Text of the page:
Nov 24, 2014

Yellowstone part 2

"There is something in the wild scenery of this valley which I cannot describe: but the impressions made upon my mind while gazing from a high eminence on the surrounding landscape one evening as the sun was gently gliding behind the western mountain and casting its gigantic shadows across the vale were such as time can never efface.  For my own part I almost wished I could spend the remainder of my days in a place like this where happiness and contentment seemed to reign in wild romantic splendor" - Lamar Valley, Osborne Russell 1835

The first white explorers of the Yellowstone region (fur-trappers & mountain men) were called liars and fools for making up such laughable stories about bubbling mud, colorful pools and steaming geysers. Six decades later, a geologist, a photographer, and a painter, returned from a successful expedition with visual proof. 

People began to take notice. Only under the impression that this rugged, boiling, unstable land held no use for farmland or economical development, congress agreed to set it aside as a public "pleasuring ground." In 1872 President Grant signed the bill, creating the first National Park in the history of the world.

We hiked to Fairy Falls...

...continued on to the Imperial Geyser (no boardwalks here!)

...then turned around and headed back through the meadow and past Fairy Falls again...

...where we sat in the shade and had lunch. It was like sitting at the foot of an altar. Except that we were harassed by this fat chipmunk the whole time.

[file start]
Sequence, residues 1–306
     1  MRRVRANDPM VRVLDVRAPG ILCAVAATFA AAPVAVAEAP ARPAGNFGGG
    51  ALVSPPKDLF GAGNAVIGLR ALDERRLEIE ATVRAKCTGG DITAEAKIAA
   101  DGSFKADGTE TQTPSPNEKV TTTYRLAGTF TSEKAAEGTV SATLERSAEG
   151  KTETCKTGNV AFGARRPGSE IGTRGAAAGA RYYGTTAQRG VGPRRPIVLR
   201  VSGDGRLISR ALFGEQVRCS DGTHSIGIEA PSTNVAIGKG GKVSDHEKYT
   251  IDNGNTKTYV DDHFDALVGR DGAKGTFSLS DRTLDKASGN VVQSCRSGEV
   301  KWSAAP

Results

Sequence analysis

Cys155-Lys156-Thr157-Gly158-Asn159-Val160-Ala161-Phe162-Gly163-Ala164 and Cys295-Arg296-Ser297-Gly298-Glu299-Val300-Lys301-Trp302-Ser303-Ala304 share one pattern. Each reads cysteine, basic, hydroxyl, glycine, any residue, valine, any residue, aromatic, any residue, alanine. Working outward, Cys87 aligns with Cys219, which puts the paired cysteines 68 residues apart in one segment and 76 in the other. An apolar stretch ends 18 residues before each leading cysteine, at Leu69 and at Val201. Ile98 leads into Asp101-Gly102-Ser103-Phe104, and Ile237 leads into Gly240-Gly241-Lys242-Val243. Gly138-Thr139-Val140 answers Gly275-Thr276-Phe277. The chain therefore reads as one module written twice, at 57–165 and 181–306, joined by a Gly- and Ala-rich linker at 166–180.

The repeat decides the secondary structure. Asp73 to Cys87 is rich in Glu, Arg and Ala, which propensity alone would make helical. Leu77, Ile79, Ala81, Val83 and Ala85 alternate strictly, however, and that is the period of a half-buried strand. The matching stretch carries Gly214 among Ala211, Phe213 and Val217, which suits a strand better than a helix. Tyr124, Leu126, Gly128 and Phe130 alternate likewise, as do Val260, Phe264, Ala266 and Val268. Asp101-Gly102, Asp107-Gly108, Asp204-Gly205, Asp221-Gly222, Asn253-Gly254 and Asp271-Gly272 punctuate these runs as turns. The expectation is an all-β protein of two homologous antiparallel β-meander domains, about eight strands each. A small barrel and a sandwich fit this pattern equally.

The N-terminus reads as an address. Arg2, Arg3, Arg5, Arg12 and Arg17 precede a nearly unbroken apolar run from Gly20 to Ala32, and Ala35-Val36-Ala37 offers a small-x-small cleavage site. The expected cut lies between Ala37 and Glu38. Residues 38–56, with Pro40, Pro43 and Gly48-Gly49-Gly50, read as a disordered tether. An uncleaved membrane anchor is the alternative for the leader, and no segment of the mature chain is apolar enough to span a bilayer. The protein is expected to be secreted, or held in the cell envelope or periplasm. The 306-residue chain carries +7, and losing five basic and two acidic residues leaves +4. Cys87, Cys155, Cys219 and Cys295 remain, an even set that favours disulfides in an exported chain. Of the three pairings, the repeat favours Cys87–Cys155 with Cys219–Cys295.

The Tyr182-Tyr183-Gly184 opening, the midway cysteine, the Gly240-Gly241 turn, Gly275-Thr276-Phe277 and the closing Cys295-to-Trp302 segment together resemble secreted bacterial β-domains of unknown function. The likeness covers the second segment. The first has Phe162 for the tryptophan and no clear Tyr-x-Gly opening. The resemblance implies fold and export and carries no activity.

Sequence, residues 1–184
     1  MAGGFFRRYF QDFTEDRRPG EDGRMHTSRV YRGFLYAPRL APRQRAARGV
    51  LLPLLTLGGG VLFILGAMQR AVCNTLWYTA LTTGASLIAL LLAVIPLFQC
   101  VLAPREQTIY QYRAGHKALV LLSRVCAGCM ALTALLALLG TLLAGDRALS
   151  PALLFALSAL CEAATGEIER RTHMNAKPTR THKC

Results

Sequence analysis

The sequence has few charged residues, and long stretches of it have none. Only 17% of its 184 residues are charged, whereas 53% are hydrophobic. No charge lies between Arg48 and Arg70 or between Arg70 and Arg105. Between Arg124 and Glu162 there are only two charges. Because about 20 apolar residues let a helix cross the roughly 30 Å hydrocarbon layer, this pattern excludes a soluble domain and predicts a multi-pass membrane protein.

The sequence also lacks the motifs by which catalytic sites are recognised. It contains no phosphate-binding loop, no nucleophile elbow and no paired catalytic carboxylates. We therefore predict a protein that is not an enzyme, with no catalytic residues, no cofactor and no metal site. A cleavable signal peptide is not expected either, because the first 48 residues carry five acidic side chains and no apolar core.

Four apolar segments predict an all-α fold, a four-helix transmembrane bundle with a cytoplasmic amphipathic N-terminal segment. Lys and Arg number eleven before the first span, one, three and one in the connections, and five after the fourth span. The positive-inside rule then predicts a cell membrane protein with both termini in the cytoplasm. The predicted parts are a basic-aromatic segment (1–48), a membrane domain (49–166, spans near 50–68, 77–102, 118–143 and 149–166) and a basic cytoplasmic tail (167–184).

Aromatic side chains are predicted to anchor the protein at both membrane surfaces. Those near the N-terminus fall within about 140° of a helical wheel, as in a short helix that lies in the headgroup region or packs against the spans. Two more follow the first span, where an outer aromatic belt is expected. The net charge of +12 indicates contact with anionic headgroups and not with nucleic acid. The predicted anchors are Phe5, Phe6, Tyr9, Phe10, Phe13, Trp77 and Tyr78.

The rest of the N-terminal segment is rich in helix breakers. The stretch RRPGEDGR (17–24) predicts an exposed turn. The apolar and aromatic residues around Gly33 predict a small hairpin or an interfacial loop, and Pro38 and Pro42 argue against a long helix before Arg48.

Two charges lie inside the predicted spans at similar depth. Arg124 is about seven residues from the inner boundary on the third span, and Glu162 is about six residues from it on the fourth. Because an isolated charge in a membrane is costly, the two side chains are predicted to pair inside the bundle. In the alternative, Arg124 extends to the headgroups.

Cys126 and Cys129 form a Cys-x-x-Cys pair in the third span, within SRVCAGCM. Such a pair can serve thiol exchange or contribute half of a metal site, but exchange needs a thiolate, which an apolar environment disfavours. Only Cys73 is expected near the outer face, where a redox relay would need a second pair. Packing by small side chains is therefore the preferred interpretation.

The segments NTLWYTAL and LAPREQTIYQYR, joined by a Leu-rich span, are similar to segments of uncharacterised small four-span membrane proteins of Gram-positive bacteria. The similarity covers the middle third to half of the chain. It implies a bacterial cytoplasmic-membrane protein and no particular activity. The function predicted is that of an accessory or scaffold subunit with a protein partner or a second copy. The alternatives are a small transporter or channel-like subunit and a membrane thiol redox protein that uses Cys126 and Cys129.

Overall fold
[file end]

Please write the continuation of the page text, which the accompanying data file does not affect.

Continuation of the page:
Then we climbed up a hill/mountain on an unmarked trail to be rewarded with this fantastic view of the Grand Prismatic Pool. Just incredible! Nothing like it in the world!

We met some nice people up at the top - what a place to make friends! One of the women must have been a professional photographer, she took this fantastic picture for us. Great memories :)

Splendid Geyser with her splendid rainbow

Punch Bowl Spring

Morning Glory Pool.

EVERY YEAR park personnel remove hundreds of rocks, coins, and other objects from Morning Glory Pool.
"Morning Glory Pool is losing its brilliant color. Through ignorance and vandalism, people have tossed objects into the hot spring, clogging it's vent and lowering the temperature. Brown, orange, and yellow algae-like bacteria thrive in the cooler water, gradually turning the vivid aqua-blue to a murkier greenish-brown.
All thermal features are at risk. Hot springs and geysers have fragile, complex plumbing that takes centuries to develop. Morning Glory's future is uncertain; you can help by immediately reporting any vandalism."

Ignorance indeed. So infuriating. We decided that we'd put our bear spray to good use if we ever witnessed vandalism.

The park is ever-changing. This section of the Artemisia Trail was swallowed up by the thermal pools! The sign says "unsafe trail, new trail about 20 yards --> stay on trail, thank you!"

More Yellowstone to come!

Nov 18, 2014

Yellowstone part 1

After leaving the awesome landscapes of Craters of the Moon, we pushed further on down the road through the forested and construction-riddled countryside that is eastern Idaho. Driving Hodor through narrow construction zones is never particularly enjoyable, but as always, we managed.
We pulled into our campsite at Henry’s Lake state park – which, in spite of its unremarkable name, was truly awe-inspiring.